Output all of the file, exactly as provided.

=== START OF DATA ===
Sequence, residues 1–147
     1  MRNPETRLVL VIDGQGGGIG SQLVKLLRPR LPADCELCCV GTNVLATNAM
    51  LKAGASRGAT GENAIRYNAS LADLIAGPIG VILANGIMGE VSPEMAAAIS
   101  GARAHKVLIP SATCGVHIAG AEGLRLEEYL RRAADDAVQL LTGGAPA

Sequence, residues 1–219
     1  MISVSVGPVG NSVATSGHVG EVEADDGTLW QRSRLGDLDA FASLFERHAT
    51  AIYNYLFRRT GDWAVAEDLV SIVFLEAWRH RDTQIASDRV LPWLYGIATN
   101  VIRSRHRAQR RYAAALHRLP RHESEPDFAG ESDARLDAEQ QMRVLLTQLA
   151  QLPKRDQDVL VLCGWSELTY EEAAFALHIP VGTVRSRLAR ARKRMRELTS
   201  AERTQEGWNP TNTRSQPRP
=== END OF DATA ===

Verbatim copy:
Sequence, residues 1–147
     1  MRNPETRLVL VIDGQGGGIG SQLVKLLRPR LPADCELCCV GTNVLATNAM
    51  LKAGASRGAT GENAIRYNAS LADLIAGPIG VILANGIMGE VSPEMAAAIS
   101  GARAHKVLIP SATCGVHIAG AEGLRLEEYL RRAADDAVQL LTGGAPA

Sequence, residues 1–219
     1  MISVSVGPVG NSVATSGHVG EVEADDGTLW QRSRLGDLDA FASLFERHAT
    51  AIYNYLFRRT GDWAVAEDLV SIVFLEAWRH RDTQIASDRV LPWLYGIATN
   101  VIRSRHRAQR RYAAALHRLP RHESEPDFAG ESDARLDAEQ QMRVLLTQLA
   151  QLPKRDQDVL VLCGWSELTY EEAAFALHIP VGTVRSRLAR ARKRMRELTS
   201  AERTQEGWNP TNTRSQPRP